##### DefinitionSQMSquare Matrix

A matrix with \(m\) rows and \(n\) columns is *square* if \(m=n\text{.}\) In this case, we say the matrix has *size* \(n\text{.}\) To emphasize the situation when a matrix is not square, we will call it *rectangular*.

In this section we specialize further and consider matrices with equal numbers of rows and columns, which when considered as coefficient matrices lead to systems with equal numbers of equations and variables. We will see in the second half of the course (Chapter D, Chapter E, Chapter LT, Chapter R) that these matrices are especially important.

Our theorems will now establish connections between systems of equations (homogeneous or otherwise), augmented matrices representing those systems, coefficient matrices, constant vectors, the reduced row-echelon form of matrices (augmented and coefficient) and solution sets. Be very careful in your reading, writing and speaking about systems of equations, matrices and sets of vectors. A system of equations is not a matrix, a matrix is not a solution set, and a solution set is not a system of equations. Now would be a great time to review the discussion about speaking and writing mathematics in Proof Technique L.

A matrix with \(m\) rows and \(n\) columns is *square* if \(m=n\text{.}\) In this case, we say the matrix has *size* \(n\text{.}\) To emphasize the situation when a matrix is not square, we will call it *rectangular*.

We can now present one of the central definitions of linear algebra.

Suppose \(A\) is a square matrix. Suppose further that the solution set to the homogeneous linear system of equations \(\linearsystem{A}{\zerovector}\) is \(\set{\zerovector}\text{,}\) in other words, the system has *only* the trivial solution. Then we say that \(A\) is a *nonsingular* matrix. Otherwise we say \(A\) is a *singular* matrix.

We can investigate whether any square matrix is nonsingular or not, no matter if the matrix is derived somehow from a system of equations or if it is simply a matrix. The definition says that to perform this investigation we must construct a very specific system of equations (homogeneous, with the matrix as the coefficient matrix) and look at its solution set. We will have theorems in this section that connect nonsingular matrices with systems of equations, creating more opportunities for confusion. Convince yourself now of two observations, (1) we can decide nonsingularity for any square matrix, and (2) the determination of nonsingularity involves the solution set for a certain homogeneous system of equations.

Notice that it makes no sense to call a system of equations nonsingular (the term does not apply to a system of equations), nor does it make any sense to call a \(5\times 7\) matrix singular (the matrix is not square).

Notice that we will not discuss Example HISAD as being a singular or nonsingular coefficient matrix since the matrix is not square.

The next theorem combines with our main computational technique (row reducing a matrix) to make it easy to recognize a nonsingular matrix. But first a definition.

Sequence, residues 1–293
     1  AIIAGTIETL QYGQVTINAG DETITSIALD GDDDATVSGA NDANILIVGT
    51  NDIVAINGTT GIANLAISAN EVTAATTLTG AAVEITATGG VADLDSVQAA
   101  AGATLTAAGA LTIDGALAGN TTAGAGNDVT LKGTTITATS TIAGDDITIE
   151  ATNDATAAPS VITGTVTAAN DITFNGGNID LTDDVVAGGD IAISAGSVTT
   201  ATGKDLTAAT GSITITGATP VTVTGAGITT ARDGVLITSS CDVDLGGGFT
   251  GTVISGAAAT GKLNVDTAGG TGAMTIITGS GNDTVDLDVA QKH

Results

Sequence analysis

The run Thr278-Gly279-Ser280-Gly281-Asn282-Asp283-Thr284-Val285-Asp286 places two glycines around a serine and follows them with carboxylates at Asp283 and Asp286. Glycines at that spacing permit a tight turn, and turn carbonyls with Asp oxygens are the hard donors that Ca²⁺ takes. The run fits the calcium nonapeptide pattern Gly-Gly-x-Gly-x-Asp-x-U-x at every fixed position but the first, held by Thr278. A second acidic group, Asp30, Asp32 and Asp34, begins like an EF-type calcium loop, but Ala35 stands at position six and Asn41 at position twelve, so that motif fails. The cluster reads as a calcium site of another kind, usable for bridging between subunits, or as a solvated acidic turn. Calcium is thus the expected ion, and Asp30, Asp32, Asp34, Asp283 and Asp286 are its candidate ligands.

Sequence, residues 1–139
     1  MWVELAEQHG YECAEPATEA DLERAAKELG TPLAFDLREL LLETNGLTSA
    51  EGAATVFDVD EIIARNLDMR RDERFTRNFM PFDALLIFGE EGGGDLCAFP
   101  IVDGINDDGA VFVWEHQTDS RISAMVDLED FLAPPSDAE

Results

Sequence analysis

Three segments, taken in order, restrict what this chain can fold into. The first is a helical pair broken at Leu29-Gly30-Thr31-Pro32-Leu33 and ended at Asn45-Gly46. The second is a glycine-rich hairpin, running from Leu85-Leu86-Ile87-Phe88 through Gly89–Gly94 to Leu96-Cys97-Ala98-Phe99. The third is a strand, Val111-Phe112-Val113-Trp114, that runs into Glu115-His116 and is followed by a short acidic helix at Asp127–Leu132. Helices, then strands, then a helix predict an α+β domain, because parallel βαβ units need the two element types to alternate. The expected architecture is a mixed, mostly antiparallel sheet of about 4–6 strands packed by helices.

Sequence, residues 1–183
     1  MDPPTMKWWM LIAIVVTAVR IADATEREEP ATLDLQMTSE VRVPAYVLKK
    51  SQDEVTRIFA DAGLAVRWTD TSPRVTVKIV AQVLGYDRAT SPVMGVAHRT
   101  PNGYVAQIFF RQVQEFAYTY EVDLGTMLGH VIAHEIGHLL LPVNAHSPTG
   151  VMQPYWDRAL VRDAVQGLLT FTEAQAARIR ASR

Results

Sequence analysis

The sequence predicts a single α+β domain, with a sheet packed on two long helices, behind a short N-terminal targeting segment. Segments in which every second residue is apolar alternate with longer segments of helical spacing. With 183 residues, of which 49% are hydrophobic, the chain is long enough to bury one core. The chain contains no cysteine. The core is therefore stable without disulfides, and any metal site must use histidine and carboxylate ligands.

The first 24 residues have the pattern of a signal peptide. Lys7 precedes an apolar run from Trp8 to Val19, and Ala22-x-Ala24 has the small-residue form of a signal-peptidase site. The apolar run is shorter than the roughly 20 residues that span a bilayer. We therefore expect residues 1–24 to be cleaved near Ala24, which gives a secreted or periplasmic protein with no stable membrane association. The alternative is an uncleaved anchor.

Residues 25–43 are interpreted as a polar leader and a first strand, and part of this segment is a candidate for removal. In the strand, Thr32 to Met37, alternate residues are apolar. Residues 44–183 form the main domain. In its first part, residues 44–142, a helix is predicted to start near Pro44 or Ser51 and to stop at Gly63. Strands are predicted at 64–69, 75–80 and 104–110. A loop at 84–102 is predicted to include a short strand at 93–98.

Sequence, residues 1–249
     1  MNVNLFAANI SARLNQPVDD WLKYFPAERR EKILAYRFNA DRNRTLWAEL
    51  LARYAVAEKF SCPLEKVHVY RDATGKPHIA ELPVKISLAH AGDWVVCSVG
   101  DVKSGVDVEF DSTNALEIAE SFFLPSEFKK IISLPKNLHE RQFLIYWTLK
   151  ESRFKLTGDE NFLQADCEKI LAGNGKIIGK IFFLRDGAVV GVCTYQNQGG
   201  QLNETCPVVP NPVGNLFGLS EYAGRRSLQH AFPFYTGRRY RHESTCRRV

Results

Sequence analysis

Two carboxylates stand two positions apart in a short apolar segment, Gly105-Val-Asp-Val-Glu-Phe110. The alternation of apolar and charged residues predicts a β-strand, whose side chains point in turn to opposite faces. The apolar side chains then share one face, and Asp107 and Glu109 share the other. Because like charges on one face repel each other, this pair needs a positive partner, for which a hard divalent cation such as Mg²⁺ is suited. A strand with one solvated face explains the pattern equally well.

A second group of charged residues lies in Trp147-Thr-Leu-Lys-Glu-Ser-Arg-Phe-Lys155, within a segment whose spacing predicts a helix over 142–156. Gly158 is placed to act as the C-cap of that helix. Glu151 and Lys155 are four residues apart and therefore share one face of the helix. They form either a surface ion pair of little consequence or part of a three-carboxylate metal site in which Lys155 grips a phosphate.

The \(m\times m\) *identity matrix*, \(I_m\text{,}\) is defined by
\begin{align*}
\matrixentry{I_m}{ij}&=
\begin{cases}
1 & \text{if }i=j\\
0 & \text{if }i\neq j
\end{cases}
\end{align*}
for \(1\leq i,\,j\leq m\text{.}\)

Notice that an identity matrix is square, and in reduced row-echelon form. Also, every column is a pivot column, and every possible pivot column appears once.

Suppose that \(A\) is a square matrix and \(B\) is a row-equivalent matrix in reduced row-echelon form. Then \(A\) is nonsingular if and only if \(B\) is the identity matrix.

Notice that since this theorem is an equivalence it will always allow us to determine if a matrix is either nonsingular or singular. Here are two examples of this, continuing our study of Archetype A and Archetype B.

Nonsingular matrices and their null spaces are intimately related, as the next two examples illustrate.

These two examples illustrate the next theorem, which is another equivalence.

Suppose that \(A\) is a square matrix. Then \(A\) is nonsingular if and only if the null space of \(A\) is the set containing only the zero vector, i.e. \(\nsp{A}=\set{\zerovector}\text{.}\)

The next theorem pulls a lot of big ideas together. Theorem NMUS tells us that we can learn much about solutions to a system of linear equations with a square coefficient matrix by just examining a similar homogeneous system.

Suppose that \(A\) is a square matrix. \(A\) is a nonsingular matrix if and only if the system \(\linearsystem{A}{\vect{b}}\) has a unique solution for every choice of the constant vector \(\vect{b}\text{.}\)

This theorem helps to explain part of our interest in nonsingular matrices. If a matrix is nonsingular, then no matter what vector of constants we pair it with, using the matrix as the coefficient matrix will *always* yield a linear system of equations with a solution, and the solution is unique. To determine if a matrix has this property (nonsingularity) it is enough to just solve one linear system, the homogeneous system with the matrix as coefficient matrix and the zero vector as the vector of constants (or any other vector of constants, see Exercise MM.T10).